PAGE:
For some it might be Bungle in the Jungle, but for Michael Barone, it’s Living in the Past. While Barone gives Barack Obama credit for getting a couple of early calls on acute crises right, the main thrust of Obama’s foreign policy has all the hallmarks of the Cold War. Instead of focusing on threats from Iran and North Korea, Obama wants to spend his time negotiating disarmament with Russia:

His choice of priorities for the future is another thing. The climax of his European trip was his speech in Prague on April 5 (don’t look for it on the White House Web site; the latest speech text there is dated Feb. 27) on “the future of nuclear weapons in the 21st century” in which he called for “a world without nuclear weapons.” A noble goal, and one shared, incidentally, by Ronald Reagan. And how did he propose to start? By negotiating a new nuclear arms control treaty with Russia, getting the Senate to ratify the nuclear test ban treaty, and stopping U.S. production of fissile material.

That’s all Cold War stuff. Disarmament talks with the Soviets were a central feature of American foreign policy from the late 1960s to the late 1980s, a time when a U.S.-U.S.S.R. nuclear war would have produced enormous destruction. But the prospect of a U.S.-Russian nuclear war today is pretty much nil. It’s worthwhile to continue the Nunn-Lugar program of corralling Russia’s loose nukes — one of the few issues Obama worked on as a senator — but making disarmament talks with Russia a first priority is a policy out of the distant past. …

And what was Obama’s major policy announcement before embarking on his trip to Latin America? Lifting restrictions on travel and remittances to Cuba. In 1961, the year Obama was born, Cuba was a central preoccupation of American foreign policy. Today Cuba (population 11 million) is not a major problem. Meanwhile, the Obama administration violates the North American Free Trade Association treaty by banning trucks from Mexico (population 109 million), refuses to ratify the free-trade agreement with Colombia (population 44 million), and, despite our need for alternative fuels, makes no move to rescind the 54-cent tariff on sugar ethanol from Brazil (population 191 million).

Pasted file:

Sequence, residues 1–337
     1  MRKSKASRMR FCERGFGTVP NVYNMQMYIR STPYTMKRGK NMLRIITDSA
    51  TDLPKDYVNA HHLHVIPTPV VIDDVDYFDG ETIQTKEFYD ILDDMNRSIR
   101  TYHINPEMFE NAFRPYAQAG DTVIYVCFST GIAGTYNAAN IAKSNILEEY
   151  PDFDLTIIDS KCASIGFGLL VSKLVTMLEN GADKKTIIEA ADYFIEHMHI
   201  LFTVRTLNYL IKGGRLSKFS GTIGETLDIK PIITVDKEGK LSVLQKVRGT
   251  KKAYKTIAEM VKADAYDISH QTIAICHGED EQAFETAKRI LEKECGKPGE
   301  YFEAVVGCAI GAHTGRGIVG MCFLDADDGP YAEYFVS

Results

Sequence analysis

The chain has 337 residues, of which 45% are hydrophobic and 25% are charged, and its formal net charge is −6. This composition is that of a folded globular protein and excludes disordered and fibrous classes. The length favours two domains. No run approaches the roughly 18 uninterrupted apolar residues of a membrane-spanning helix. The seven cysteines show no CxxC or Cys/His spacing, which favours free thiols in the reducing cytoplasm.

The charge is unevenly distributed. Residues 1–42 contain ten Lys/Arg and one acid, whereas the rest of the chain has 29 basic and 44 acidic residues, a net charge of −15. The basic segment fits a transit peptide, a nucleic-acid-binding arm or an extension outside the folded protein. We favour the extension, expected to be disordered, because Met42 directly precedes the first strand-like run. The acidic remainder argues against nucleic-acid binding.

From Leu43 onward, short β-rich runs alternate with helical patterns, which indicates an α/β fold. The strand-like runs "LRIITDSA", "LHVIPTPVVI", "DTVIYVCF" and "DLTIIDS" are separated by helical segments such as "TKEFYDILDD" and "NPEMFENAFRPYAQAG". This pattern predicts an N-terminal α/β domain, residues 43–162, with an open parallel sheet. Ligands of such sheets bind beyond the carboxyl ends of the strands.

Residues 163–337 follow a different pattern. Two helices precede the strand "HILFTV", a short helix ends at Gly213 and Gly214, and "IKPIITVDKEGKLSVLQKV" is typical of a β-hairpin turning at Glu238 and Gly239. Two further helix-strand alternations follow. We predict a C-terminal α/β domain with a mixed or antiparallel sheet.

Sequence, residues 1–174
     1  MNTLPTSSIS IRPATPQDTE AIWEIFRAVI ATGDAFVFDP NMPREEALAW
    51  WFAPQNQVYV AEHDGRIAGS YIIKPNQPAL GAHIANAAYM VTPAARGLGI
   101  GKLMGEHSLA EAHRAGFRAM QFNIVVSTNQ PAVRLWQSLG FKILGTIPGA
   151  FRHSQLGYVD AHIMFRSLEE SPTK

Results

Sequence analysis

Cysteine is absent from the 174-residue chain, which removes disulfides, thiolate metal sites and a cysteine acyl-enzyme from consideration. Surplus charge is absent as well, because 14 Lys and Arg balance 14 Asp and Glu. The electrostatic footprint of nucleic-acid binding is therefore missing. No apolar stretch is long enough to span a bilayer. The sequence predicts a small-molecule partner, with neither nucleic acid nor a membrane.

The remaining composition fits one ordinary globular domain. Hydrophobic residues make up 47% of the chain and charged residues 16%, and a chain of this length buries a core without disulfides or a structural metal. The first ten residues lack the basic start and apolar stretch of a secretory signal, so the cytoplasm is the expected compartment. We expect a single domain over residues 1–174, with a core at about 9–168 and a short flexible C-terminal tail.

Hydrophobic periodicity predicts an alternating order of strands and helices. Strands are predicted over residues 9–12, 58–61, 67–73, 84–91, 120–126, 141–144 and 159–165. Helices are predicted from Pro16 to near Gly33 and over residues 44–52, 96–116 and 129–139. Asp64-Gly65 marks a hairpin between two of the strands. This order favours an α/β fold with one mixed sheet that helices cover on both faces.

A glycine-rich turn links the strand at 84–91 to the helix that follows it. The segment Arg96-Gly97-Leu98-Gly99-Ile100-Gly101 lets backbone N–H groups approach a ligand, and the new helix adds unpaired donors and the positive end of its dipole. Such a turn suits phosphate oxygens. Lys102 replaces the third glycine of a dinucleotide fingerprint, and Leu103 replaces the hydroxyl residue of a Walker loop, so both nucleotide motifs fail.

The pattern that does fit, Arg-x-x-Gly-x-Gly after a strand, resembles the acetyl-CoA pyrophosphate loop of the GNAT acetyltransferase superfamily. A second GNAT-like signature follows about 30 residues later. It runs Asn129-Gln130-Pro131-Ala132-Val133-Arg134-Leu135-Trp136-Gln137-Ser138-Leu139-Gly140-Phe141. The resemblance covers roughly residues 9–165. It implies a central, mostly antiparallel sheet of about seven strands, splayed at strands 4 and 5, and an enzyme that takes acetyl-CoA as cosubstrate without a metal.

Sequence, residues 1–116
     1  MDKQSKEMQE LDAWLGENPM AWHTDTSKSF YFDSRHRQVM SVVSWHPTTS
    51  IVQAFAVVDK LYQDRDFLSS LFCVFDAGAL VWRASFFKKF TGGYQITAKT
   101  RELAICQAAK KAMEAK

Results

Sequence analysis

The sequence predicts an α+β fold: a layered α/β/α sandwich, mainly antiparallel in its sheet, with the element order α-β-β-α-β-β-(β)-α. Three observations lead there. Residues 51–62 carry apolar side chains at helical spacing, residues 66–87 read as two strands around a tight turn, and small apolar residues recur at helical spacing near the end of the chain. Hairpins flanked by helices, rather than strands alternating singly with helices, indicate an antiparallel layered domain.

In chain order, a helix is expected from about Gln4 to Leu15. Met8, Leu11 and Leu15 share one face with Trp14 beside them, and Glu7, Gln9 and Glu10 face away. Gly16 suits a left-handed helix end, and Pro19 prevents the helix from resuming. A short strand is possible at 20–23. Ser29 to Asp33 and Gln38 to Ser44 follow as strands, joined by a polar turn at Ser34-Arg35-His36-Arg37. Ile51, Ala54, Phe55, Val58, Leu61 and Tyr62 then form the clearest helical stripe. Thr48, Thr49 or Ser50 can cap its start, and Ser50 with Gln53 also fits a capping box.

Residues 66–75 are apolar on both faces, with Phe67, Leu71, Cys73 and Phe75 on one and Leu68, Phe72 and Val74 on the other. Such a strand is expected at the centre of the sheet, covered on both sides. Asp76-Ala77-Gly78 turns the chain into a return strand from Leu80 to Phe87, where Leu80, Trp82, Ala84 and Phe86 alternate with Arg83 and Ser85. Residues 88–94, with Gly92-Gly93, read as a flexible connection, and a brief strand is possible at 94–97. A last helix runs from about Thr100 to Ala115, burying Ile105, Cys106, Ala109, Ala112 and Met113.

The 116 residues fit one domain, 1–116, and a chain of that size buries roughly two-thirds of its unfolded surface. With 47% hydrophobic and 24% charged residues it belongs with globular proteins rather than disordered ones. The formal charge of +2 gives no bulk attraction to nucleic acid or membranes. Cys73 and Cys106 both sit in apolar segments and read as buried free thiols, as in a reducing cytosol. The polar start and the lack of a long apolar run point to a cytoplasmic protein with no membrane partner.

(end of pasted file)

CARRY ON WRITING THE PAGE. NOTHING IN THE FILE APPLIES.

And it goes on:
Obama’s response to North Korea’s missile launch and Iran’s announcement of getting 7,000 centrifuges operational has almost been as though they don’t exist. We had a hint of this during the campaign, when Obama told an audience that Iran was “tiny” compared to the Soviet Union and therefore wasn’t really a threat.  He backed away from that assessment when people pointed out how foolish it was, but apparently Obama’s still operates under those same assumptions.

I guess Living in the Past could be worse.  It could be Thick as a Brick, although it does appear it might get that way if this keeps up.

No, Barone didn’t mention Jethro Tull, but I couldn’t resist.  I could have chosen a cleaner transfer of the song than this YouTube version, but for some reason, the needle pops sound much more appropriate for Living in the Past. Enjoy one of the best efforts from arguably the most talented and inventive act in the rock era.